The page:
Effects of Usage of Simvastatin in Mild to Moderate Traumatic Brain Injury (TBI) Patients. Could it Make a Difference?

Assiut University (Other)
Overall Status
Not yet recruiting
CT.gov ID

Study Details

Study Description

Brief Summary

Traumatic brain injury (TBI) is a common cause of long-term neurological morbidity, with devastating personal and societal consequences. At present, no pharmacological intervention clearly improves outcomes, and therefore a compelling unmet clinical need remains. 3-hydroxy-3-methylglutaryl coenzyme A reductase inhibitors, or "statins," offer a potential novel therapeutic strategy for TBI. In this study the investigators will study primarily the effect of statins on 30-day mortality rate which is defined as death within 30 days of TBI presentation where the occurrence of TBI is hour 0 or day 0 and secondarily evaluation of duration of ICU stay associated with or without complications.

Condition or Disease Intervention/Treatment Phase

Detailed Description

TBI is defined as an alteration in brain function, or other evidence of brain pathology, caused by an external force.

[A] Alteration in brain function is defined as 1 of the following clinical signs:

  • Any period of loss of or a decreased level of consciousness.

  • Any loss of memory for events immediately before (retrograde amnesia) or after the injury (Post traumatic amnesia)

  • Neurologic deficits (weakness, loss of balance, change in vision, dyspraxia paresis/plegia [paralysis], sensory loss, aphasia, etc.)

  • Any alteration in mental state at the time of the injury (Confusion, disorientation, slowed thinking, etc.) [B] or other evidence of brain pathology: Such evidence may include visual, neuroradiologic, or laboratory confirmation of damage to the brain.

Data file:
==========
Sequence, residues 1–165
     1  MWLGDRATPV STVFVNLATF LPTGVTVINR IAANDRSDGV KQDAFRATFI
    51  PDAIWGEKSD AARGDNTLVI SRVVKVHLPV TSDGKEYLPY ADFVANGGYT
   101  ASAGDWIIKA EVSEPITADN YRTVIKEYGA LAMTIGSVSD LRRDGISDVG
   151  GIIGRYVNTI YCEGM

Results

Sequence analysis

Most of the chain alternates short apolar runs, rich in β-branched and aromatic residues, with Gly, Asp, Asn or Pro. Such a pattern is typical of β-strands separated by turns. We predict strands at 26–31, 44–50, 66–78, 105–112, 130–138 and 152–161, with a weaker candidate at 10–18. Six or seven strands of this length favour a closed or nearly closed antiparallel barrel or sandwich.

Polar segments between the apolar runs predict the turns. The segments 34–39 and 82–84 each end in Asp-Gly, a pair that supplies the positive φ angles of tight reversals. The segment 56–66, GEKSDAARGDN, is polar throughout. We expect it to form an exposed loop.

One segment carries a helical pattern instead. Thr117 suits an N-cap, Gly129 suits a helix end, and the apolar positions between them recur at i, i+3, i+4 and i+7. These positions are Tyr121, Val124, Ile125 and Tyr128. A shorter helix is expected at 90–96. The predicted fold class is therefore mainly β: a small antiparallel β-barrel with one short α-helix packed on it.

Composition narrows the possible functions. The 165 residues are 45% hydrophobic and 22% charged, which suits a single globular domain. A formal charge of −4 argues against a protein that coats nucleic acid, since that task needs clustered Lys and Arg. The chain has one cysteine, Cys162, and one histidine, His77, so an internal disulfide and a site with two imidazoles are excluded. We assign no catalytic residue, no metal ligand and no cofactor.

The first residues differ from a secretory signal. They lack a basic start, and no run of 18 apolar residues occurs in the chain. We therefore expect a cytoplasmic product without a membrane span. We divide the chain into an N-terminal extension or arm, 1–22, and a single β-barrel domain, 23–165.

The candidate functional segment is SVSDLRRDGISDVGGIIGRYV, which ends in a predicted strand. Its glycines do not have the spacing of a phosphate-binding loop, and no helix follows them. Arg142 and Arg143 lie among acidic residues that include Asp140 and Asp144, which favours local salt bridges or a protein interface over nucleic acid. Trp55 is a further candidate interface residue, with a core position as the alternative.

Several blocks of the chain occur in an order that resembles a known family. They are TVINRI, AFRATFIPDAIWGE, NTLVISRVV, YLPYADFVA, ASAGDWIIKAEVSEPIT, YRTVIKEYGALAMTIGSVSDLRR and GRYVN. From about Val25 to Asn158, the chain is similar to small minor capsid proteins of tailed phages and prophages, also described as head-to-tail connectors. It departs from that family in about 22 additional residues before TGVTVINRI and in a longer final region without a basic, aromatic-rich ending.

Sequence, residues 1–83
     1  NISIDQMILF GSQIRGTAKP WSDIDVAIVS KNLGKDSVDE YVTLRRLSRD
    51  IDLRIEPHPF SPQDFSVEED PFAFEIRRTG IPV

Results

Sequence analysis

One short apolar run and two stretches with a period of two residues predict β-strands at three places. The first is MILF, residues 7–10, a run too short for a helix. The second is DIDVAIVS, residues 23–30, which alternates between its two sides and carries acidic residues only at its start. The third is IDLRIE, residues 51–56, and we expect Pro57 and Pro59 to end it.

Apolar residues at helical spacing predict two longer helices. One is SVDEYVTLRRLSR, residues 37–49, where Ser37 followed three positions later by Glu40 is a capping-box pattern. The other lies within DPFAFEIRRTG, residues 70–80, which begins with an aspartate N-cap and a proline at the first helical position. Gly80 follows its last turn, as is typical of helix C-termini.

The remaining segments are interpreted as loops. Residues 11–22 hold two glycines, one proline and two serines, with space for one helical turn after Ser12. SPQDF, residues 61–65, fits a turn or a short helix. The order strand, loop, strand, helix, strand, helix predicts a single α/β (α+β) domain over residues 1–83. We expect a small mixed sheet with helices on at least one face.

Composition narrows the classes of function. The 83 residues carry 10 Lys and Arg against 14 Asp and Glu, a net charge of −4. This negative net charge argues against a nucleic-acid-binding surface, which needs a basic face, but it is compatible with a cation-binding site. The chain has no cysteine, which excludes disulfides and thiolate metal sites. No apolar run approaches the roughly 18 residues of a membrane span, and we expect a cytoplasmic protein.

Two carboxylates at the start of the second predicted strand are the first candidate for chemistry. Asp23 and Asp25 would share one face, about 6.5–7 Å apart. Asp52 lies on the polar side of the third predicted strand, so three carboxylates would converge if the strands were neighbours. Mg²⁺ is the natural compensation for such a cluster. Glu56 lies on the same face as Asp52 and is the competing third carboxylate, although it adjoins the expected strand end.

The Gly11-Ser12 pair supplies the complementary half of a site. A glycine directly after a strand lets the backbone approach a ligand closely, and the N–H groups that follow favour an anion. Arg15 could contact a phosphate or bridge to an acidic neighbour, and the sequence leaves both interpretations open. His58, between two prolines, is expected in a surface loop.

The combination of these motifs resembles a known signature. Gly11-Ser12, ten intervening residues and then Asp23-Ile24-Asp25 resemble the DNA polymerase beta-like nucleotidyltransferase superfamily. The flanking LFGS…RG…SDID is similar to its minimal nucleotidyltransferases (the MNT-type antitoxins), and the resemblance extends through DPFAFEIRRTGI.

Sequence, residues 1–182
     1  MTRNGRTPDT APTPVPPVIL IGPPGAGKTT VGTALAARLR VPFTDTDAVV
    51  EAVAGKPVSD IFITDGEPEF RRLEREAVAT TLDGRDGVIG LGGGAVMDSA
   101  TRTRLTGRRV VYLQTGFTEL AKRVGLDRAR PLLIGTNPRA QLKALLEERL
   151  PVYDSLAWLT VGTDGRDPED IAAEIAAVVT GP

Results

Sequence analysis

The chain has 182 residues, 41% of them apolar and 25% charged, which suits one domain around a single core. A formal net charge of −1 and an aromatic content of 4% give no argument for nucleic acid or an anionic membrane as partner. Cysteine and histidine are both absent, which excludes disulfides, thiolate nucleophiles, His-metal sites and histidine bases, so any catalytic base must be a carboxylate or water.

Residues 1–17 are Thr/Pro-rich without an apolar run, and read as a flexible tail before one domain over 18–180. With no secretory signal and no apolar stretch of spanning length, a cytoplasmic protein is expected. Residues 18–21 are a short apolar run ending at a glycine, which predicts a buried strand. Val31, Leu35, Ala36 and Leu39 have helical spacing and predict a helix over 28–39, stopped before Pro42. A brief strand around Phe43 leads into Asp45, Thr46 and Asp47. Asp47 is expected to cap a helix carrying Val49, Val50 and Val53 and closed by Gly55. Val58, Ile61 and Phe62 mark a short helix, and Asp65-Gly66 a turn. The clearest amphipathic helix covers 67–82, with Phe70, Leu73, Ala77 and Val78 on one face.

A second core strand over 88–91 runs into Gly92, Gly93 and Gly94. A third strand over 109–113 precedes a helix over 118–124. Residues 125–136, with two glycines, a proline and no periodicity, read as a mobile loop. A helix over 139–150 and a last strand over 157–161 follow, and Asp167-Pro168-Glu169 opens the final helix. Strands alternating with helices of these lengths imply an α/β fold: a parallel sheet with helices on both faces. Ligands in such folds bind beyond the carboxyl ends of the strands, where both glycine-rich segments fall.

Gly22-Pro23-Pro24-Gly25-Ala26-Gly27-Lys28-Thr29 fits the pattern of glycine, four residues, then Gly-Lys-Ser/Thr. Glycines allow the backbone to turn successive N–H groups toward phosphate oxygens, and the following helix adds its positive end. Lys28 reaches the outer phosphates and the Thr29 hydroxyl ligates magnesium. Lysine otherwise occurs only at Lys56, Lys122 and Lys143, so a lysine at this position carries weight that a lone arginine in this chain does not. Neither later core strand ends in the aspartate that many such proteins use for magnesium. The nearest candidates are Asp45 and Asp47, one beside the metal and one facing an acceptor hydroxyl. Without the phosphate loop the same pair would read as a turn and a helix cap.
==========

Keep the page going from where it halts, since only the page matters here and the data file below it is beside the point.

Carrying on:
Traumatic brain injury is the most common cause of death and disability in young people.

Traumatic brain injury is graded as mild, moderate, or severe on the basis of the level of consciousness or Glasgow coma scale (GCS) score after resuscitation. Mild traumatic brain injury (GCS 13-15) is in most cases a concussion and there is full neurological recovery, although many of these patients have short-term memory and concentration difficulties. In moderate traumatic brain injury (GCS9-13) the patient is lethargic or stuporous, and in severe injury (GCS 3-8) the patient is comatose, unable to open his or her eyes or follow commands.

The World Health Organization (WHO) estimates that almost 90% of deaths due to injuries occur in low- and middle-income countries (LMICs), where the 85% of population live and this situation will continue to represent an important global health problem in the upcoming years. Of these trauma-related deaths TBI is the main cause of one-third to one-half, and the leading cause of disability under forty years-old (15-20/100,000 populations per year).

One of the most significant disabilities associated with TBI is short- and long-term cognitive deficits. Approximately 65% of patients with moderate to severe TBI report long-term problems with cognitive functioning, and as many as 15% with mild TBI have persistent problems that often include cognitive deficits .These deficits interfere with work and daily living activities, exacting a personal and economic cost that is difficult to quantify. However, despite substantial efforts, few therapeutic options exist to prevent or alleviate cognitive dysfunction after TBI in humans.